Sunday, January 30, 2005

Hold yer goats...kinda

Calling the disease of the goat in the news "BSE" is a little misleading: What they found was that they were able to use the goat prions to infect mice. According to Web stuff on the UK BSE inquiry, there exists some "mouse bioassay" by which the brain juice of goats with "scrapie" does not appear infective, whereas the juice of mad cows does. One EU press release about the goat used the words "mouse bioassay" in a context that suggests this was the tip-off that this wasn't "scrapie," the centuries-old, brain-wasting, genetically equivalent prion disease of sheep and goats that your mom may or may not have told you about. But as clinical trial failures confirm every year, people aren't mice. So while there's grounds for concern here that this new-fangled scrapie is more infectious than the old kind, we don't actually know these prions hop just like BSE prions do to humans. These are goats folks, so fundamentally they're goat prions. Nobody actually knows enough about BSE prions (my PubMed surfing suggests to me) to call any other species' prions "the same."

But I think the main sense in which news stories are portraying this goat case as likely "BSE" is in the sense of "the BSE epidemic." A lot of the tainted feed that created the epidemic went to animals besides cows, and since then people have been waiting for the other shoe to drop. This 2002 goat looks like it's that shoe. Not counting humans, of course, since we were dropping alongside the cows from the beginning of this story.


Anonymous said...

I hadn't run into the details on the the mice infections. You did a fine job catching the reference in the EU release; there's not much to make it stand out. Unfortunately, we won't be hearing the verdict until a couple years from now. Which, I suppose, will take just as long as it did to announce the disease WAS BSE.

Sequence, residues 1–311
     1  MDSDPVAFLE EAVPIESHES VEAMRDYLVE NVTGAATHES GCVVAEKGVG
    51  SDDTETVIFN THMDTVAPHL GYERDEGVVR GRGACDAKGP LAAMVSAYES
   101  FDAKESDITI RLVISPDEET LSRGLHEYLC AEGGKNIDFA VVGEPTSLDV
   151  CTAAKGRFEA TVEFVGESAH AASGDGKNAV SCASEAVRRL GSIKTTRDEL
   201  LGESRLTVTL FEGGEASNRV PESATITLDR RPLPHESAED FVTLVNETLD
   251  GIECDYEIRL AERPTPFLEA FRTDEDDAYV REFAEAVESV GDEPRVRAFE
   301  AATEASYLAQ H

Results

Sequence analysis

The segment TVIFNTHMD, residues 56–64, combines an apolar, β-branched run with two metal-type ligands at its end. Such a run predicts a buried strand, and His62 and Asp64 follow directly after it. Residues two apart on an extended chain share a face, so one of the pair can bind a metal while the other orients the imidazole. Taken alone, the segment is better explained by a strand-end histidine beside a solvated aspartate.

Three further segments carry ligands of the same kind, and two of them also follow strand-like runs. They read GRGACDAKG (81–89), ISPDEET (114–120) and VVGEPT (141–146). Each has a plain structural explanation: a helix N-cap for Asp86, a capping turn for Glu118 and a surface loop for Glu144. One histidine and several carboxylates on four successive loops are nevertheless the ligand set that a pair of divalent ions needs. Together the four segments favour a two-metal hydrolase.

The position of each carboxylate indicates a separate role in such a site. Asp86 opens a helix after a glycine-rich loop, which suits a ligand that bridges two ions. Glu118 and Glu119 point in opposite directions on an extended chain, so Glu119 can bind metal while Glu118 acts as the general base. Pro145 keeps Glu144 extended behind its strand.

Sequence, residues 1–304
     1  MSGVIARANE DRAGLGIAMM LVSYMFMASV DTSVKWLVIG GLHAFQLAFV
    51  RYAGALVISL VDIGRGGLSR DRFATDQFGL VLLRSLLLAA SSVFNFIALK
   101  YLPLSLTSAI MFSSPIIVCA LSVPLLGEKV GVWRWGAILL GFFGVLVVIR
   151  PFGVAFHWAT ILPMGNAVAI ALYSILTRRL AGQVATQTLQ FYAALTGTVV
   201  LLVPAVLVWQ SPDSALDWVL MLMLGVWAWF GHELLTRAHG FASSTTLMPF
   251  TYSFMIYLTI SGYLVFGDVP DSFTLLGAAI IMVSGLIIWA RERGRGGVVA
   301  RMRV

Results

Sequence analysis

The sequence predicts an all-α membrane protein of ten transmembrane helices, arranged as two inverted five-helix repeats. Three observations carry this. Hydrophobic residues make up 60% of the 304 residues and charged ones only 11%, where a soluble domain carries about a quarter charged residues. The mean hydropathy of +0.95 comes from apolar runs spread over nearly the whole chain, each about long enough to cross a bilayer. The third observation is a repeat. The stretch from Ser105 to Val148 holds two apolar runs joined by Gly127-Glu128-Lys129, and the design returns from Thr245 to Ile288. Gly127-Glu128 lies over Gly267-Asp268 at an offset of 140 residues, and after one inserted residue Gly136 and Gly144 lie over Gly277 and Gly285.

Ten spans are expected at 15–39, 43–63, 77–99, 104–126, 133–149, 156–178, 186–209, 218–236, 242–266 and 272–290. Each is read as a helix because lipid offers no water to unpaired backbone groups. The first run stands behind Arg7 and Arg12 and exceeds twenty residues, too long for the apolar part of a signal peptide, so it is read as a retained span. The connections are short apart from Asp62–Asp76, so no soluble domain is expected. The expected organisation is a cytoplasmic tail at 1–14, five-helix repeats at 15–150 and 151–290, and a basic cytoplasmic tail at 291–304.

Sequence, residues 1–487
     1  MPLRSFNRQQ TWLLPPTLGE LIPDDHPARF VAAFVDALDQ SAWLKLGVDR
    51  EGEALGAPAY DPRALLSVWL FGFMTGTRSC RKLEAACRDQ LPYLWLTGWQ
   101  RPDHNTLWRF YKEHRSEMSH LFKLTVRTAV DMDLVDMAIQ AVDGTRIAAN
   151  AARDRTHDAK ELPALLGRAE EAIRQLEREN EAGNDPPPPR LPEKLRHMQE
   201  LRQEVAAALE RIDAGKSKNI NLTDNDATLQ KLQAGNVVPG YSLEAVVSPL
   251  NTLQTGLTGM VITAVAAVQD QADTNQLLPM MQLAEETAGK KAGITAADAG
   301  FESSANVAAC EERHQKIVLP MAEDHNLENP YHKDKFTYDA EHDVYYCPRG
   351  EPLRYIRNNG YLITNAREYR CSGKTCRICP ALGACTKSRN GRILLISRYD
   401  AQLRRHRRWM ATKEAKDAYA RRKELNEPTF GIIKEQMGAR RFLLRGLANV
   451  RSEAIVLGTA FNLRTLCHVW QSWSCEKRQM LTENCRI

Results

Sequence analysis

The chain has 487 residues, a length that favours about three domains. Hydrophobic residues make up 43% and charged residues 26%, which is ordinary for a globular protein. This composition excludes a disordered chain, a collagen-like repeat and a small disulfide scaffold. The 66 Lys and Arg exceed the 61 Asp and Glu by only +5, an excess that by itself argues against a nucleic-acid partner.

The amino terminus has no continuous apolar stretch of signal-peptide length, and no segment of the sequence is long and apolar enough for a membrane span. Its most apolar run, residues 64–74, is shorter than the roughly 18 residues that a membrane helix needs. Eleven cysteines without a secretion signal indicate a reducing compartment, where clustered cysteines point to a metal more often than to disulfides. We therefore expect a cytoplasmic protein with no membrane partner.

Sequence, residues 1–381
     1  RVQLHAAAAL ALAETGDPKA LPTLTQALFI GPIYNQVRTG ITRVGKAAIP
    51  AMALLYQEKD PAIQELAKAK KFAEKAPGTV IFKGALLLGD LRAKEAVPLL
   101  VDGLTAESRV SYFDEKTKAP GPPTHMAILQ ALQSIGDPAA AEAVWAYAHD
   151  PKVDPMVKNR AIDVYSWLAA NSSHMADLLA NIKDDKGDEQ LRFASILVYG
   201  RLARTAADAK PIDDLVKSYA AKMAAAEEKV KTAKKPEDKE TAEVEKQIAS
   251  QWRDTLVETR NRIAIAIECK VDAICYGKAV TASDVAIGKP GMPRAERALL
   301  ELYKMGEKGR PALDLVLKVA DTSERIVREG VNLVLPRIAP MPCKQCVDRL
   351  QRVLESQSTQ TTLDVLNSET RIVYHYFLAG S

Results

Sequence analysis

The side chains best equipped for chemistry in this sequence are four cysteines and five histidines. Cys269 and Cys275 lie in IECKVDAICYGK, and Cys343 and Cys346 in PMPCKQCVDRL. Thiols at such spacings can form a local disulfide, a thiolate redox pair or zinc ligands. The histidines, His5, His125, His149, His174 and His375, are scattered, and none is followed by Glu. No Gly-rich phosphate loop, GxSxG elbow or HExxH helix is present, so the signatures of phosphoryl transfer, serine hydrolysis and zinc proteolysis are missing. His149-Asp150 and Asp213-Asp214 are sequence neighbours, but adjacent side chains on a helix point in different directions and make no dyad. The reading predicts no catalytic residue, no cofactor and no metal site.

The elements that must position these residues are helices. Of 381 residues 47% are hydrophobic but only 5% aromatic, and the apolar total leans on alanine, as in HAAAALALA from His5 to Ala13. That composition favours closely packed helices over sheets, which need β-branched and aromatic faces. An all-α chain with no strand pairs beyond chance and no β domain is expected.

Thanks for pointing that out on my site -- Mike (

Murky Thoughts said...

Thanks. Actually, though, the mouse test is what they did already. This was a goat that died in 2002 and took two years to diagnose by the mouse assay. The ability to drive the mouse mad after two years is the evidence that the prions in the goat aren't ordinary scrapie prions but like BSE prions. That's all the evidence they have on the matter.

Daemon Cain said...

Thanks for your comments on my post as well.

I'm quite familiar with the grain fed options that are available but it begs the question...if eating meat is too dangerous for a cow, a pig and a chicken then why should I feed it to my children? See where I'm going with this?

Don't get me wrong...I'm a meat and potatoes kinda guy and certainly not "pro vegetarianism". But I have to admit this whole thing has got me thinking and, frankly, a bit worried about what could be around the corner from the beef I ate as a child.

The other thing that's so concerning about this to me is why the industry is slowly lulling the public into accepting this as a necessary evil and they are being supported by industry activites and the Canadian government which seems more concerned about the next election and the immediate economic factors then the health of people both inside and outside of Canada's borders.